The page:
[4] J. Wang, M. Ghosh, and K. Challapali, “Emerging cognitive radio applications: A survey,” IEEE Commun. Mag, vol. 49, no. 3, pp. 74–81, Mar. 2011.
 [5] FCC, “Unlicensed operation in the tv broadcast bands,” FCC, Tech. Rep., Sep. 2010.
 [6] OFCOM, “Digital dividend: Cognitive access, statement licenseexempting cognitive devices using interleaved spectrum,” OFCOM, Tech. Rep., Jul. 2009.
 [7] IDA, “Regulatory framework for tv white space operations in the vhf/uhf bands,” InfoCommunications Development Authority (IDA) of Singapore, Tech. Rep., Jun. 2014.
 [8] Y. B. Lin, Y. W. Lin, C. Y. Chih, T. Y. Li, C. C. Tai, Y. C. Wang, F. J. Lin, H. C. Kuo, C. C. Huang, and S. C. Hsu, “EasyConnect: A management system for iot devices and its applications for interactive design and art,” IEEE Internet of Things Journal, vol. 2, no. 6, pp. 551–561, Dec. 2015.
 [9] Y. Liu, C. Yuen, X. Cao, N. U. Hassan, and J. Chen, “Design of a scalable hybrid MAC protocol for heterogeneous M2M networks,” IEEE Internet of Things Journal, vol. 1, pp. 99–111, Feb. 2014.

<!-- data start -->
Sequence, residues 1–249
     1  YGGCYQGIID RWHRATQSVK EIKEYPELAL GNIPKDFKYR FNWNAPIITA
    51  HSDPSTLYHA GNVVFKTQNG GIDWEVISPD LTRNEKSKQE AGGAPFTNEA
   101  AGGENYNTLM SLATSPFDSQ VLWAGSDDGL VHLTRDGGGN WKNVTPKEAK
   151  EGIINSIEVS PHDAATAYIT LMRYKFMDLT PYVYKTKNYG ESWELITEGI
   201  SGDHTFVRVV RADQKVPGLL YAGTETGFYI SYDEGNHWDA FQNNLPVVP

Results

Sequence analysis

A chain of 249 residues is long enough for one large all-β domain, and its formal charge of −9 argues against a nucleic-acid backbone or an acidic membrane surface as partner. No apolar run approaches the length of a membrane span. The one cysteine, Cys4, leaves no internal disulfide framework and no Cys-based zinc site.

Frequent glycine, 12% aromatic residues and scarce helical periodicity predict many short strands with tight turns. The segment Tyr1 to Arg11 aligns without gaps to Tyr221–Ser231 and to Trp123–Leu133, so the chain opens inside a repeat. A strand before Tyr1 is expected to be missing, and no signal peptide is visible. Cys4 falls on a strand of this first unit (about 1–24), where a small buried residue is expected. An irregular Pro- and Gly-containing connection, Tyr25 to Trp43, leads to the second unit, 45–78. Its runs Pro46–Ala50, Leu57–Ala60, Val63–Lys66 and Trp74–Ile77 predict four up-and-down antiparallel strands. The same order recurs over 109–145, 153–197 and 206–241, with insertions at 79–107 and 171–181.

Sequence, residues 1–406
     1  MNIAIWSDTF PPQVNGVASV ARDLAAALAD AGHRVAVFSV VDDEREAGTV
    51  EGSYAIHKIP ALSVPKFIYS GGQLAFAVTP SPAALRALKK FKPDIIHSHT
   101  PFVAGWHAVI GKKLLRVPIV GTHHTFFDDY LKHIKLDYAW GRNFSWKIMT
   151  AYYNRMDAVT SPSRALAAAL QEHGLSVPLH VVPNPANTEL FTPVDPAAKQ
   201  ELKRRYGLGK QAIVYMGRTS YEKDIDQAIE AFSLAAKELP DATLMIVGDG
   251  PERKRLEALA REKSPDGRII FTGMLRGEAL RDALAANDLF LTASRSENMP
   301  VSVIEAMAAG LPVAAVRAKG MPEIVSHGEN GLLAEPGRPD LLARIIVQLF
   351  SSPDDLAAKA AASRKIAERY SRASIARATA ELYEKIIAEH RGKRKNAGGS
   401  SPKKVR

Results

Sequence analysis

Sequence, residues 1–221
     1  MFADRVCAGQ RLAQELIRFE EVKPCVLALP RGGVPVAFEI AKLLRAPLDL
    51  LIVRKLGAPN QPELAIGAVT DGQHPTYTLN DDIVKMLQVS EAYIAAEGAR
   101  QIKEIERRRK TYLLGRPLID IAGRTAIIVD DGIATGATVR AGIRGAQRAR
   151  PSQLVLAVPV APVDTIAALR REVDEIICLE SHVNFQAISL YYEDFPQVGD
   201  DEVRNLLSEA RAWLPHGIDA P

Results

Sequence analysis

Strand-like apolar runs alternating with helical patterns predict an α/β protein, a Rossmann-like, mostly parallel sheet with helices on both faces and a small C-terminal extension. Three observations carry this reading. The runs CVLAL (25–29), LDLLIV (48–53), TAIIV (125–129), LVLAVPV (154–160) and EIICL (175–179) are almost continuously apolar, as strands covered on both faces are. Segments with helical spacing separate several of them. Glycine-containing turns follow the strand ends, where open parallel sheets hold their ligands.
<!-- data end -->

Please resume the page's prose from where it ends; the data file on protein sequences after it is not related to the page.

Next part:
[10] N. U. Hassan, W. Tushar, C. Yuen, S. G. Kerk, and S. W. Oh, “Guaranteeing QoS using unlicensed TV White Spaces for smart grid applications,” IEEE Wireless Communications Magazine, 2017.
 [11] N. U. Hassan, C. Yuen, and M. B. Atique, “Tradeoff in delay, cost, and quality in data transmission over TV White Spaces,” in Proc. IEEE ICC, May 2016, pp. 1–6.
 [12] M. J. Neely, “Stochastic network optimization with application to communication and queuing systems,” Morgan Claypool, Tech. Rep., 2010.
 [13] M. J. Neely, A. S. Tehrani, and G. Dimakis, “Efficient algorithms for renewable energy allocation to delay tolerant consumers,” in Proc. IEEE SmartGridComm, Oct. 2010, pp. 549 – 554.
 [14] W. Wu, Q. Yang, B. Li, and K. S. Kwak, “Adaptive resource allocation algorithm of lyapunov optimization for timevarying wireless networks,” IEEE Communications Letters, vol. 20, no. 5, pp. 934–937, May 2016.
 [15] N. U. Hassan, S. Hussain, C. Yuen, and L. Duan, “Tradeoff between spectrum cost and quality of service in a cognitive radio network,” in Proc. IEEE GLOBECOM, Dec. 2013, pp. 1179 – 1184.